The District’s small, elegant and poetically placed memorial to local war dead is, perhaps, a reminder of this bygone era. It was designed to serve as a bandstand, and as it went through the design review process, its advocates were admonished that it be functional as a place for music. The marine band did indeed play there (on Thursday evenings during the summer) for about decade after it opened in 1931. It no longer does, and no one quite knows why. And with time, the functionality of the bandstand — and its connection to the living memorial tradition — has been forgotten.
Other memorials, including the Tomb of the Unknown soldier, marked innovations in how we remember our dead. And yet others, including the controversial column that honors the dead of the Army’s First Division, emerged as the tail end of traditions that were fading. Taken together, the monuments of World War I bear witness to a more complex, nuanced and dynamic relation to memory than the great, overscaled, grandiose memorials we tend to build today.
South of Eisenhower Executive Office Building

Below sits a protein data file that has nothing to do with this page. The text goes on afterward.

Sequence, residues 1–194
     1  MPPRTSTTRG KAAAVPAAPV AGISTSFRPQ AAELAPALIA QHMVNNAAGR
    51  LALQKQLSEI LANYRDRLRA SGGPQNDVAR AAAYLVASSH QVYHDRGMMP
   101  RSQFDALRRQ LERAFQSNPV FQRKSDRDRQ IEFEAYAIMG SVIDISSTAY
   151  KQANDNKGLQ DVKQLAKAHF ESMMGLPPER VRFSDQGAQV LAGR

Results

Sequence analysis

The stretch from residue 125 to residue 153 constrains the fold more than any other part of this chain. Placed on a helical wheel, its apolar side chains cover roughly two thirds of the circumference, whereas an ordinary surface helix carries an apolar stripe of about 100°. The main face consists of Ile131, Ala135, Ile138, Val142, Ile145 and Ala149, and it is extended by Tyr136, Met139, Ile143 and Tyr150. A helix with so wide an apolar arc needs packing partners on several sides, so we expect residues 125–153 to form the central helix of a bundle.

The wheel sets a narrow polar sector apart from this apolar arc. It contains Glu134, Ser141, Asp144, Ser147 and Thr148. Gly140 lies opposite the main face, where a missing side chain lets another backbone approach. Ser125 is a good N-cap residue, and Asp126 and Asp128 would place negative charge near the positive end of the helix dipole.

The Monument to the First Division, located south of the Eisenhower Executive Office Building next to the White House, was one of the most controversial memorial projects pursued in Washington after the First World War. Members of the U.S. Commission of Fine Arts, which had oversight on what got built in the monumental core of Washington, objected to it size, its placement and to the way its verticality competes with the Washington Monument. And they worried that if they allowed a monument to a single division, then every other division that fought would clamor for a monument as well. In the end, the memorial’s proponents, who were politically connected, forced through their plan for a massive column topped by a gilded representation of victory. It became the first memorial in Washington to specifically include the names of individual dead soldiers.
President’s Park, Southwest of the Ellipse
Fears that everyone of the dozens of divisions that fought in the First World War would have its own monument in Washington were unfounded, but the Second Division did succeed in getting its own memorial. Dedicated in 1936, the monument has been expanded to honor dead from wars subsequent to World War I.